We all went our separate ways in Ibara, though some of the students came to my apartment and dropped off some Japanese sweet potatoes (さつまいも) and konnyaku (こんにゃく, a jelly made from devil's tongue) that they had at home. Man, the perks of living in the inaka!

Yummy shot of the day:


Sunday, October 28, 2012

Blast from the Past: The Melody of Hamamatsu

I know. It's been a while. So much of a while, in fact that now this post is about what I did *last* October.

2 of my friends were placed in Hamamatsu (浜松) in Shizuoka prefecture. Most know the prefecture for some random volcano, mountain thing called Fuji, but for any classical music buff Hamamatsu happens to be known for music: Yamaha is stamped everywhere (its headquarters is based there) and there are music motifs  *everywhere*, including a statue to one of the great composers (a personal fav or mine), Frederic Chopin.

Even their manhole covers! *Manhole covers!* 

Such an emo

As much as I love being an Okayama JET, I have to say the music lover in me was so jealous that my friends were placed here! I remember there would be music everywhere we went whether its from some hopeful band jamming outside, or even the little classic jingles they play on the bus. I was also surprised there was a  pretty big Brazilian community.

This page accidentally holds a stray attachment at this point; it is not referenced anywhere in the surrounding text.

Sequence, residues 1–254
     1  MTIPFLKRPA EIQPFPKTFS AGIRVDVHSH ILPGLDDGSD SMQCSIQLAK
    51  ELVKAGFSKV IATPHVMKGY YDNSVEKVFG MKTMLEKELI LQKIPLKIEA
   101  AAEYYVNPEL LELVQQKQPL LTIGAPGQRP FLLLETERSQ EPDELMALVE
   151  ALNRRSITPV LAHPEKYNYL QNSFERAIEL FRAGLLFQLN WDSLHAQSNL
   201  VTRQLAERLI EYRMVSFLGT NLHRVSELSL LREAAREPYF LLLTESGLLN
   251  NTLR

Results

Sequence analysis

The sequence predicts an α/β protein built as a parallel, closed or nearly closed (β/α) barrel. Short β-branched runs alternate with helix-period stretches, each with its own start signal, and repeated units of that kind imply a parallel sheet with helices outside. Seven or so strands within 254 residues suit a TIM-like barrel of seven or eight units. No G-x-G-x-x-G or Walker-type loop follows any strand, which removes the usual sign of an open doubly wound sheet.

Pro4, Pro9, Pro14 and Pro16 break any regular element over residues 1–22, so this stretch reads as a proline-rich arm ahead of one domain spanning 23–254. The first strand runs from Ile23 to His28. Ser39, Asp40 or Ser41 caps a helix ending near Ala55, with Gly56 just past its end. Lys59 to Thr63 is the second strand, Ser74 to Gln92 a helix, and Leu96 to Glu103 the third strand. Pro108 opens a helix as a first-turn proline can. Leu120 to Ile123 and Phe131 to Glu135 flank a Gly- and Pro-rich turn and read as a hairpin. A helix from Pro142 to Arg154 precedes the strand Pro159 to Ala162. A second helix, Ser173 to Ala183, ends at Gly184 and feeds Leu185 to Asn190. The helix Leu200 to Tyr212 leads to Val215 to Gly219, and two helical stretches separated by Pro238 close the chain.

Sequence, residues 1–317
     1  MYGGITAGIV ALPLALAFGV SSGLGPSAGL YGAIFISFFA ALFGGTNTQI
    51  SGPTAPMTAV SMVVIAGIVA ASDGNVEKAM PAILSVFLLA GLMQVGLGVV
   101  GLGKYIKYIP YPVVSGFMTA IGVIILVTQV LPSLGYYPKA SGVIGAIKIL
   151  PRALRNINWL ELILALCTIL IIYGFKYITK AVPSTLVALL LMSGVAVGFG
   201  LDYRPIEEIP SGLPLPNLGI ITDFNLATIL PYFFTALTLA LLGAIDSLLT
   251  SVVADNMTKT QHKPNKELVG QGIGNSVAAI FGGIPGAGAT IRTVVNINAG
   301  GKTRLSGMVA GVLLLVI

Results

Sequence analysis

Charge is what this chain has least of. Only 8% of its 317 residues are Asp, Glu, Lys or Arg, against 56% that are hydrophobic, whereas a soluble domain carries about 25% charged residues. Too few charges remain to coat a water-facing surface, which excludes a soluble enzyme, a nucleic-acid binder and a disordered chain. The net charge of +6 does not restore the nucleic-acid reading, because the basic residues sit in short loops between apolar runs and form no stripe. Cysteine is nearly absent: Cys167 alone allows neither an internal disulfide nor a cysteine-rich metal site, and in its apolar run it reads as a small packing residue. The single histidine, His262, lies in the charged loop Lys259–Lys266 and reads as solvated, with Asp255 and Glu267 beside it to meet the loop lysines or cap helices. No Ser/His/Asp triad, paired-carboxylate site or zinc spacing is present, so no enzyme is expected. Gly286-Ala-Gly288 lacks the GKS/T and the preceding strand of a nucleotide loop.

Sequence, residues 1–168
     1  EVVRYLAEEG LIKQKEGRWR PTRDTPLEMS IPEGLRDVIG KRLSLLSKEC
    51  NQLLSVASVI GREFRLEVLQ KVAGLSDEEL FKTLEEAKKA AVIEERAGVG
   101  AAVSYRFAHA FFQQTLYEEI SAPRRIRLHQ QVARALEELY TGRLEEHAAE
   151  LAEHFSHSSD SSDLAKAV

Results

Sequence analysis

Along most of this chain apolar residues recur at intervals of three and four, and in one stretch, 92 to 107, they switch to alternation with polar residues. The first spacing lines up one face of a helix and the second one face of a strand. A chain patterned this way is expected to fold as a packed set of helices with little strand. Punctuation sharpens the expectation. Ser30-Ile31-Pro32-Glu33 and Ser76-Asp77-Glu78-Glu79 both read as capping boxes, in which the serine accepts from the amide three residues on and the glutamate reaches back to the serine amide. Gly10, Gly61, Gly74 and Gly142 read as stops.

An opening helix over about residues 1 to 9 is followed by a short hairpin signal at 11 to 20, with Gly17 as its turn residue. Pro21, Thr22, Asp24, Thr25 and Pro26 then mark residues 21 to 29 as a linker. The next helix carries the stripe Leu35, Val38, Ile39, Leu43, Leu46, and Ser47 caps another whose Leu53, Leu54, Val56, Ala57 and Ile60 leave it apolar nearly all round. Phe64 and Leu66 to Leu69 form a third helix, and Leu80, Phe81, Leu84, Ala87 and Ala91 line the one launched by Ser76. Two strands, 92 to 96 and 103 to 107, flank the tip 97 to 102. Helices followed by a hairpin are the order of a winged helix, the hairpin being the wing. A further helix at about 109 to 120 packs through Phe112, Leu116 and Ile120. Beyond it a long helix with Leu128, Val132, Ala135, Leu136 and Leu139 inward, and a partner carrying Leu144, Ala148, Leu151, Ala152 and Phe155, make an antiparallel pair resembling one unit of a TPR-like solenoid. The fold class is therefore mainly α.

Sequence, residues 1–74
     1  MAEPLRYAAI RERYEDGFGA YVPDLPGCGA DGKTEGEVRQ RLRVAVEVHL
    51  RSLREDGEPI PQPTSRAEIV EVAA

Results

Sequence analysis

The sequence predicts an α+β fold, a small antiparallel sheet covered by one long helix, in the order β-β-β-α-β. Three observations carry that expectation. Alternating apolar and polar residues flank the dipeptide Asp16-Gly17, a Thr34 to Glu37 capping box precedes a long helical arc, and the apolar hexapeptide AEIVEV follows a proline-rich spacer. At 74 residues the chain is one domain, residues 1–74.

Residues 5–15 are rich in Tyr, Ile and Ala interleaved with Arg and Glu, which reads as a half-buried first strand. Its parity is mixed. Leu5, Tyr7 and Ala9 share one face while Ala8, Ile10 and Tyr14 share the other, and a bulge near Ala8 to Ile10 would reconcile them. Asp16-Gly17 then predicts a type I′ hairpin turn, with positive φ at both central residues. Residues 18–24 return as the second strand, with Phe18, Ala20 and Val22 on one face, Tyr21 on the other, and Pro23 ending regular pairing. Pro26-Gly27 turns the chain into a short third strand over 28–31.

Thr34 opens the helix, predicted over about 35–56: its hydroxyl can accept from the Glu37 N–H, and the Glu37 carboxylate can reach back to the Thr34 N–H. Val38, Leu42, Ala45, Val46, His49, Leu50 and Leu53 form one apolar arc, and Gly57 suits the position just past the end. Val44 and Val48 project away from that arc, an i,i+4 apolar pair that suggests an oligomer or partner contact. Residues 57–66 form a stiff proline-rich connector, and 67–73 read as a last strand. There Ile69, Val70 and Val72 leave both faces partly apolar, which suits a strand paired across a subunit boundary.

To kill some time we also went to the Museum of Musical Instruments where, well, they showcase musical instruments from around the world.

My friends loved being placed there. I'm glad I had a chance to see why.

Tuesday, July 10, 2012

Nasu no Yoichi

I'm leaving this country in about a month and *now* I decide to write a bit about the town I've lived in for the past two years. Go figure.

If you walk around Ibara, you'll notice a certain theme. Street signs, sewer lids, even the shape of Ibara station itself projects images of something related to archery, a man about to let the arrow fly, or fans. Very curious. During my first year in Ibara I was taken to an old kyudo dojo and there was a display of a battle scene which I then learned was the history of my little town.

The time: Genpei Wars. Who? Nasu no Yoichi, a BAMF from the Minamoto clan with a bow. There's a legend that while on his horse in the waves he struck the center of a fan that was placed on the mast of a boat at sea. Pretty awesome, no? And for showing said awesomeness, one of Nasu no Yoichi's victory spoils was land that will later on be the Ibara I know today. Nasuno's grave is in Nogami-cho, a town that was joined to Ibara and his family members' graves are throughout the Ibara region. Although when my teacher looked it up (on wikipedia) she said there's also a grave marker/site in Kyoto.

Ibara's own Hawkeye

Just a little blurb really, but I think it's awesome that my little town has such an awesome history behind it.